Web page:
What's more, they said, the short follow-up period and small number of people with chronic conditions in the study sample may have skewed the results.
It is also possible, Meltzer said, that small improvements did occur but didn't show up as statistically significant. "A [slight] decline in blood pressure could be really important, and we can't say that didn't happen," he said.
Lessons learned from the Oregon experience could be instructive as half of the states in the nation proceed with plans to broaden Medicaid enrollment in 2014, while others remain opposed or undecided.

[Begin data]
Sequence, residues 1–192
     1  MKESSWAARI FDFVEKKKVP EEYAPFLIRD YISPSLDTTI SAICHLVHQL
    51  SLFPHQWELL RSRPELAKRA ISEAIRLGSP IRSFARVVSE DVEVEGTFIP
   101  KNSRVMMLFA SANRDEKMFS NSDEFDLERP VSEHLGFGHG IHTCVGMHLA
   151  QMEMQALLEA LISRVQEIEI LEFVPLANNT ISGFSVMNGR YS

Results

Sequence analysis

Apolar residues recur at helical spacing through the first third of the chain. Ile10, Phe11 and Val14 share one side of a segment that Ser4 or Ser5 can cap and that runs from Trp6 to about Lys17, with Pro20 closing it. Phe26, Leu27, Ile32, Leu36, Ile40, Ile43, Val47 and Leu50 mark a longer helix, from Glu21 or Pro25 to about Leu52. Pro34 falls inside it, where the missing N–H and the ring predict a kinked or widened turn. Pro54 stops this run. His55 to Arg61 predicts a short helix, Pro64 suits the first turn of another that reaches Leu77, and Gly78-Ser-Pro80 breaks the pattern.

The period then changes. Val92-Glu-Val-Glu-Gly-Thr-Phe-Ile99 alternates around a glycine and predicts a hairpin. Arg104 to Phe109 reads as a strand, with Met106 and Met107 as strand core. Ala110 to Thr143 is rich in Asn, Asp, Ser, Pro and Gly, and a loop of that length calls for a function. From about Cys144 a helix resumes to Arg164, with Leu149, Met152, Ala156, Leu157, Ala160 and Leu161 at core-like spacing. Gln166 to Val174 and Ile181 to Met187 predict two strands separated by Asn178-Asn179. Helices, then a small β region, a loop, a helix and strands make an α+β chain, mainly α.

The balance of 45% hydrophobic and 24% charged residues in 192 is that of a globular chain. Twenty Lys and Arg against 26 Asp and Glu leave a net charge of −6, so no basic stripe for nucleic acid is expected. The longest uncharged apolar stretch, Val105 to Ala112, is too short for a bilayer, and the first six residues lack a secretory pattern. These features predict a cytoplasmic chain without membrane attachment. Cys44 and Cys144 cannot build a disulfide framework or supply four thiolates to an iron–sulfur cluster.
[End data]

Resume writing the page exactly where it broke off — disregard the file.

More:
Results of this study and findings from earlier research on the Oregon experiment should dispel any notion that expanding Medicaid will save money, Baicker said, because "the program costs money; people consume more health care." On the other hand, the results demonstrate clear benefits to the people who are enrolled.
"Policymakers have to weigh how much they value those benefits to enrollees against alternative uses of the resources that go into the program," she said.
Go to Medicaid.gov to learn more about your state's Medicaid program.
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